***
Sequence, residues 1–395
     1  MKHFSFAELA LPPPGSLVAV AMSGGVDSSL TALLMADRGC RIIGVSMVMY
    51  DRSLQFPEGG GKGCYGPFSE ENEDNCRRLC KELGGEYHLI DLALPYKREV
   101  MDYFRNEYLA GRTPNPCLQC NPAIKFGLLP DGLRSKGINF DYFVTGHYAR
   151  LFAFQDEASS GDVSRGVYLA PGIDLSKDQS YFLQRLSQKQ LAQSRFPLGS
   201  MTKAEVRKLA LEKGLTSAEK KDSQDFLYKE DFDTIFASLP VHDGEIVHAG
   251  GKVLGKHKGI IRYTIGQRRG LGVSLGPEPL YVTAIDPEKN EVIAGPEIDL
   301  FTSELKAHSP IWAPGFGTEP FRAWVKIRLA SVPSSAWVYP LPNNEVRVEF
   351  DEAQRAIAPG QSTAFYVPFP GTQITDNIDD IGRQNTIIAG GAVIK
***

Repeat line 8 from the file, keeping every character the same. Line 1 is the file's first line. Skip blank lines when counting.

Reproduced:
   301  FTSELKAHSP IWAPGFGTEP FRAWVKIRLA SVPSSAWVYP LPNNEVRVEF